Life Goes On

The original Show Kiosk at the Royal Easter Show in 1948

The original Show Kiosk at the Royal Easter Show in 1948

Another interesting and busy week has passed and I hope you enjoyed Annie’s account of her busy life, which would have provided you with more detail on the diversity of the Country Women’s Association of NSW; diverse in activities, representation, membership and geography. The value of the work our members do, both country and city, should not be underestimated, so thank you Annie for sharing your contribution.

Part of my week has been spent speaking to media about the proposed sale of Potts Point which seems to have created a little flurry of interest from members of the public who for some reason think it’s our virgin voyage into buying and selling real estate in Sydney or that the organisation is contemplating retirement. I can assure everyone that the “normal” work of our Association will and is, continuing unabated and at an increasing pace in the lead up to our Annual Conference in May, where the decision will be debated and decided by the delegates present.

DSC_2397As many hands as possible are again on deck in our Tea Rooms at the Royal Easter Show to help raise funds to support the various activities of the Association, without the efforts of hundreds of these deckhands from all over NSW, be it volunteering on site or providing produce for sale, this 67 year tradition would not set sail. And whilst I’m hesitant to put the word scone into a sentence with tea, in a blog space where I keep reminding you that CWA is more than those two things put together, I need to tell you that last year our seriously super scone score topped 40,601 over the 14 days and made an impressive financial contribution to further the work we do. By the end of day 5 this year 14,380 of the delectable little delights had been delivered as per Devonshire requirements, so don’t forget to detour on your day trip for a little downtime and dig in!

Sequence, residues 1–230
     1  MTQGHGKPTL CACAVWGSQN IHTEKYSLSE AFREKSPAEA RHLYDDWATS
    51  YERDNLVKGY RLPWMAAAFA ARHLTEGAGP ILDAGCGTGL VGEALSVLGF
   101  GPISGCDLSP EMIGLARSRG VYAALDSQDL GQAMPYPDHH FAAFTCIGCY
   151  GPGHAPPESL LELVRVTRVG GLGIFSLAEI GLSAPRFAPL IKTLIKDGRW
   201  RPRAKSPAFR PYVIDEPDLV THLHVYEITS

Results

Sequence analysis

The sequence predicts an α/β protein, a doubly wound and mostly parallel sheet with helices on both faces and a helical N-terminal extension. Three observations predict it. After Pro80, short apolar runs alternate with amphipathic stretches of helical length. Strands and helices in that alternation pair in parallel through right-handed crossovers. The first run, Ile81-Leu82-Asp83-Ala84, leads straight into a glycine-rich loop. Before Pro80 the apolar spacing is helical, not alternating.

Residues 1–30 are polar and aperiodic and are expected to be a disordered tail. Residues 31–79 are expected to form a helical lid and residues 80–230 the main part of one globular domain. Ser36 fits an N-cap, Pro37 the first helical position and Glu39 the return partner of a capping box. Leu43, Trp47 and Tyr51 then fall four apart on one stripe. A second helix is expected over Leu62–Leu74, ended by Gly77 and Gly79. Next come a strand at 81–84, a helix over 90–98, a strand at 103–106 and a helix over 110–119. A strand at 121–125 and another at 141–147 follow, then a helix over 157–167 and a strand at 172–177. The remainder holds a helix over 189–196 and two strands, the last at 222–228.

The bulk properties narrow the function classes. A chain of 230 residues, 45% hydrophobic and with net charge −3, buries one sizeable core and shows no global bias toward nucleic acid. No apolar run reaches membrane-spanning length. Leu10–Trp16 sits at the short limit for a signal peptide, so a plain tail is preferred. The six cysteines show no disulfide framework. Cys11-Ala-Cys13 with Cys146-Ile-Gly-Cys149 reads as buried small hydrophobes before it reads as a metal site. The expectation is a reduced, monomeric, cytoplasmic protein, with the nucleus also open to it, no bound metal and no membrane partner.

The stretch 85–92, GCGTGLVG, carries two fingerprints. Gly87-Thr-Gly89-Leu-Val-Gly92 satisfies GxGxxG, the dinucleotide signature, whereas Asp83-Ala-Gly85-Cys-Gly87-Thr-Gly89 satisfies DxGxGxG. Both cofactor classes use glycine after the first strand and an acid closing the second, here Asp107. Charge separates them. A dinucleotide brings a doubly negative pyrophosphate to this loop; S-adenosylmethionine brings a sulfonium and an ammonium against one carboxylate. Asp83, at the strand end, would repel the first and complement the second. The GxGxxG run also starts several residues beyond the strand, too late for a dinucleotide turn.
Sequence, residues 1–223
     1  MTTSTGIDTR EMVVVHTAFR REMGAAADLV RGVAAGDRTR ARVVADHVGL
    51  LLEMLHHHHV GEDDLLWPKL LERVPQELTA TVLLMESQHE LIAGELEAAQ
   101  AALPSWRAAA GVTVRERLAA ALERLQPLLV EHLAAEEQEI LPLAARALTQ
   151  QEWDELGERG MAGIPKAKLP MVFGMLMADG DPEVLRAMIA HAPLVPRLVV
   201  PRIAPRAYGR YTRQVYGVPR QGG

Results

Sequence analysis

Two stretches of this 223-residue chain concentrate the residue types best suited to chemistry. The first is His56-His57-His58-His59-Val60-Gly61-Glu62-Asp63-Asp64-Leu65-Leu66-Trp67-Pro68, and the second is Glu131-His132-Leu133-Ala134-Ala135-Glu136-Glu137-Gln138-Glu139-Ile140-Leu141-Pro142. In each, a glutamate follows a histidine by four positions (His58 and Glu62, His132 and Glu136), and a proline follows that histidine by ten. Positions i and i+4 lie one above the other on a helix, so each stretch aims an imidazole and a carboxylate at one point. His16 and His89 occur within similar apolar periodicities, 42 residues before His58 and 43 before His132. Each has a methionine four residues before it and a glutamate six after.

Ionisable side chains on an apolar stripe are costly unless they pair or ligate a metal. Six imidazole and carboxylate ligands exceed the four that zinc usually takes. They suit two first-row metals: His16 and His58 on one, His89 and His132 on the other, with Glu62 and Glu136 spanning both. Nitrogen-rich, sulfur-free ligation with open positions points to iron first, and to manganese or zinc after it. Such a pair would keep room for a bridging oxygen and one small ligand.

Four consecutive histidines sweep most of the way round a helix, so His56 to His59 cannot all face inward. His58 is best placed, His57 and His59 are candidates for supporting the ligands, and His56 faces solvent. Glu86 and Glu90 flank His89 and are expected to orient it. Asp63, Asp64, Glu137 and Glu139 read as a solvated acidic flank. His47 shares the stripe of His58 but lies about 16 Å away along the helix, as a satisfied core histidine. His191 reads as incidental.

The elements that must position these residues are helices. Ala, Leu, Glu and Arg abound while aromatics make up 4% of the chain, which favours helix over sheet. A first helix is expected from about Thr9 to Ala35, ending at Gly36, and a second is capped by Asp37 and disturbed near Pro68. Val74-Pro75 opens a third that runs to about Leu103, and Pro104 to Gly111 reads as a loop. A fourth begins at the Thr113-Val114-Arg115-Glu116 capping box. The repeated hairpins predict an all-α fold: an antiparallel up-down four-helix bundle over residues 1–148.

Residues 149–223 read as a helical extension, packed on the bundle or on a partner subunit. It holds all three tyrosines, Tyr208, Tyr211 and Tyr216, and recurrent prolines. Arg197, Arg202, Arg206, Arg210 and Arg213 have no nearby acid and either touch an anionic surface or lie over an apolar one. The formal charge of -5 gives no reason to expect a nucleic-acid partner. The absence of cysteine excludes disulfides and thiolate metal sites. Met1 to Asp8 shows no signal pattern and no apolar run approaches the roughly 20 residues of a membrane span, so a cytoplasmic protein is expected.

The members of the various committees are all at full steam gathering and preparing to display items creatively crafted, beautifully baked, rigorously researched or painstakingly painted by members for the various exhibitions at the Conference to be held in Griffith.

Members of the choir will be warming their vocal chords and practising their pitch, while the organising committee would be just about to the panic stage wondering if everything will come together on time and without incident; I predict local wine sales may well rise in anticipation of, or possibly to avert, the downward shift of THE red button.

At Head Office staff are busily printing programmes, packing boxes, engraving trophies, finalising arrangements with guest speakers, preparing running sheets and checking the laces on their running shoes.

In between honing my media skills I am dealing with the business of a 10,000 member organisation, writing blogs, letters or reports, meeting with whoever is in the diary for the day or fielding questions from Marc, son and family bookkeeper. That’s when I’m not out meeting the members, plucking energy drinks from the hands of unsuspecting children or watering the plants and catching up on the washing and what’s been happening at home.

Life here goes on.

What’s happening in your day?

A Place For You


Diversity…something that’s lacking, somewhat, in the front benches of Federal Parliament at present and yes, a pretty cheeky comment coming from the President of the Country Women’s Association!

However we’ve never claimed to be anything else.

And whilst we may not be very diverse in terms of gender, that’s where the bias stops.

Our members live in cities, towns and on farms. They are wives, mothers, professionals, grannies. They range in age from 4 months (yes months and she has lots to say!) to 100 plus. They are fifth generation Australian and first generation Australian refugees. Their interests range from International affairs to agriculture, social issues, baking, education, languages, politics, policy and knitting.
As I have mentioned in previous blogs we launched CWA Awareness Week in Sydney and I have had the privilege of spending time with some exceptional women who represent the diversity of our membership.

Gabrielle – the former member of the Australia Defence Force who has a Masters of Philosophy in Indonesia-Australia Political and Defence relations and can speak Indonesian, Chinese, Arabic and German